How to Write for Part Two

Medium LogoGuest Post
by Dale E. Lehman

In my last post, I introduced you to Medium, an ad-free platform for readers and writers. You’re no doubt champing at the bit to earn money for Medium stories, so let’s get started. Follow me as I guide you through the authoring tools.

After logging in, your profile image appears in the upper right corner. Click this to drop down your profile menu. You’ll see a number of useful tools are here. Let’s start with “New Story.” Click that to access the editor.

Click any image to enlarge it

The editor is insanely simple. An inactive dropdown at the top lets you enroll your story in the Partner Program. Once you type the title or some story text, this will be enabled. By default your story will not earn money, so be sure to change this before publishing. Your author header comes next, then text areas for your title and story. The plus sign provides access to basic formatting and image import tools.


Type your title, then start typing your story. Medium auto-saves your work as you go. Press the Enter key to start a new paragraph. When you do, that plus sign will appear beside it. Click on it to see a set of icons for adding an image, searching for an image in Unsplash (a stock image library licensed for use by Medium), adding a video, adding an embed, and adding a new section.


Medium suggests including at least one image in your article. Only add images for which you own the copyright or have a usage license. Medium hates copyright violations, and so should you. Unsplash provides images licensed for use on Medium. Their search tool pops up right in the editor, too, so it’s easy to use. A caption area appears below each image. Captions are optional, but it’s a good idea to put required notices here. If you import from Unsplash, the caption will be prefilled for you. Medium8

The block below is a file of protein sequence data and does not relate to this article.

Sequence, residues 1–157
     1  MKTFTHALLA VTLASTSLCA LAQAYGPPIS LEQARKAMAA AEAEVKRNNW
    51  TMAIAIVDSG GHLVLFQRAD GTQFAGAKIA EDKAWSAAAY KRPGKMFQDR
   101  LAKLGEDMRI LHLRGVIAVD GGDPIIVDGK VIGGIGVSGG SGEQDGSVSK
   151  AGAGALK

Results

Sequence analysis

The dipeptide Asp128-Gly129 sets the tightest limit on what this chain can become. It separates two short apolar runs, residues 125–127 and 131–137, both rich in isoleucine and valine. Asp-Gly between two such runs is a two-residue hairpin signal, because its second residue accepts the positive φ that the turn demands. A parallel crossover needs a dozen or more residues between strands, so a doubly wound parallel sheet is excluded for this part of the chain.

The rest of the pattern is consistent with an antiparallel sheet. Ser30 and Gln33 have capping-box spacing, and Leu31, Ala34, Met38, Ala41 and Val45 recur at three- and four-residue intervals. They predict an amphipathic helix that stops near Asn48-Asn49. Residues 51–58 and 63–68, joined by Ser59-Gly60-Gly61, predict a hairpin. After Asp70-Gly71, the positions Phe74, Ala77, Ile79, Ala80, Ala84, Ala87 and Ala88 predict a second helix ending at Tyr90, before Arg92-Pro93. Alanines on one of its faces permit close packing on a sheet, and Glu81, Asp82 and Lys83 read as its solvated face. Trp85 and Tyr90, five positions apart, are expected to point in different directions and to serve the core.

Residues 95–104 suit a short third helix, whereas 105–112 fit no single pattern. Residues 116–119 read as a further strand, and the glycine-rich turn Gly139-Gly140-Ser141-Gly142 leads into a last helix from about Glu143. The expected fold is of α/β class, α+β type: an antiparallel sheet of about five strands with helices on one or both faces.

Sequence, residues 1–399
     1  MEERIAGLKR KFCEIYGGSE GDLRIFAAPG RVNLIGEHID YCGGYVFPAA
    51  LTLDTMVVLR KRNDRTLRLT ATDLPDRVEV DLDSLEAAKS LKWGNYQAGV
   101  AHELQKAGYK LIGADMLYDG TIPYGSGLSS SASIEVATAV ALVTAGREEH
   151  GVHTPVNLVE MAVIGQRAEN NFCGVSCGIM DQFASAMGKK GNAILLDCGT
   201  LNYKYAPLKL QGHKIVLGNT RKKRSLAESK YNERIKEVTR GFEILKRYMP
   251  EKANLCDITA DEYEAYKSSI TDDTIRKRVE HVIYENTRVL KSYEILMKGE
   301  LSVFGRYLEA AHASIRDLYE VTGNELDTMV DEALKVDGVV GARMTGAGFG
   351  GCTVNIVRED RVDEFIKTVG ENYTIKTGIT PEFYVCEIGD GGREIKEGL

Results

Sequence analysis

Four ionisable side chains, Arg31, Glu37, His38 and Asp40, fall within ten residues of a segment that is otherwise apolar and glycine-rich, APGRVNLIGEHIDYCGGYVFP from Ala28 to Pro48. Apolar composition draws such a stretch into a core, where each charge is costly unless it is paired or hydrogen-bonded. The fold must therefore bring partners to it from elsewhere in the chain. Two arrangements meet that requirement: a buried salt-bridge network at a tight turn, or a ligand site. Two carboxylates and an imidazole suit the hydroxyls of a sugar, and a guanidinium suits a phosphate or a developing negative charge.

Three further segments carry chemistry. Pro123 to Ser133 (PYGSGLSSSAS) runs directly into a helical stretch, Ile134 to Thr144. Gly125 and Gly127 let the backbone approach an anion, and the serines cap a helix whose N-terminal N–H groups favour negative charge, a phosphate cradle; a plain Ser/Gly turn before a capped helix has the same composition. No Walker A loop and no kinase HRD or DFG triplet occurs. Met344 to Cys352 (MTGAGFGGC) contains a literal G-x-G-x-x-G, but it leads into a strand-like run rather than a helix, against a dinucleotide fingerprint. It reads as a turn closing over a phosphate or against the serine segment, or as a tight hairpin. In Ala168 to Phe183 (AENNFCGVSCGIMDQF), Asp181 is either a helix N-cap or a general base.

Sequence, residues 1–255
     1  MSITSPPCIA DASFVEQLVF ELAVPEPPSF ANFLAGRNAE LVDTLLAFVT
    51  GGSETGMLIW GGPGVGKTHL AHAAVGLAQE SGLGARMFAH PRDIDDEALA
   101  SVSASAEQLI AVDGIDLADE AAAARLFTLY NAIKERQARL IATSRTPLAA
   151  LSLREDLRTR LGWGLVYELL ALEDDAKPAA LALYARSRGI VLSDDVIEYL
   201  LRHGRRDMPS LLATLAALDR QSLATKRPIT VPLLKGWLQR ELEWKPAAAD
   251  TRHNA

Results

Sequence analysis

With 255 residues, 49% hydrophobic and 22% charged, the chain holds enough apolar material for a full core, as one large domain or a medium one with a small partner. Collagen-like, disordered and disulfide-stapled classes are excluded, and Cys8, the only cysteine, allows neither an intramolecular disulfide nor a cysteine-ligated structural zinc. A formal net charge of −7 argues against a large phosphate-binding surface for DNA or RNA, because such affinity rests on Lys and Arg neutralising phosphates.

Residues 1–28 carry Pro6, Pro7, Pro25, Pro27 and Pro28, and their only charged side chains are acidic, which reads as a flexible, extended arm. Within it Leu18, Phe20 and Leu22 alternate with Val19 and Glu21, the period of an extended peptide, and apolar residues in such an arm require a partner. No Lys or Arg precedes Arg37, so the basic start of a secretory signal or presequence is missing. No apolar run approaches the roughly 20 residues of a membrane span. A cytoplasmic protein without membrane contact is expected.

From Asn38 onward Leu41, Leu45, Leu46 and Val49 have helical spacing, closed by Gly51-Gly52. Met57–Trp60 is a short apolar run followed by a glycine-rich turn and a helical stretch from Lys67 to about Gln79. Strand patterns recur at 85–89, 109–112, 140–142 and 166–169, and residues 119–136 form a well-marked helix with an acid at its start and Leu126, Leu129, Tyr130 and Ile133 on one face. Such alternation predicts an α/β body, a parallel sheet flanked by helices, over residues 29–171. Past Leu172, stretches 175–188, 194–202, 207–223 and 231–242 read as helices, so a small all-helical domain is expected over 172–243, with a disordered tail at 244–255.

Next, highlight some text and some editing tools will pop up. You can set bold or italic text, add a hyperlink, and toggle the font style. If your paragraph consists of more than one line, you can set the first character as a drop capital. You can set text as a quote, and finally, you can add a private note that only you and publication editors see. Private notes are often requested by publications for submission information, such as email addresses.


When you click an image, positioning tools will display. Play with all of these to learn how they work. Also check out stories by other writers. You may get formatting ideas for improving your presentation. Don’t forget to clap, comment, and follow while you’re at it!Medium10

Being a savvy writer, you’ll repurpose your blog posts as Medium content, right? Absolutely, and Medium’s import tool stands ready. Open your profile menu and click on “Stories.” This accesses draft and published stories. You can edit or delete any story as needed. Also, you’ll see a pair of buttons in the upper right: “Import a Story” and “Write a Story.” Click the import button, then enter the URL of the web page you want to import. The next page provides instructions, but just click the “See your story” button, and you’re back in the editor with content imported. Medium11

Use the correct URL when importing. If you import your blog’s home page, you won’t pick up what you want. Most blog home pages display multiple stories, and some only display teasers. Use the URL for the specific post you intend to import. And never import someone else’s content. Think copyright.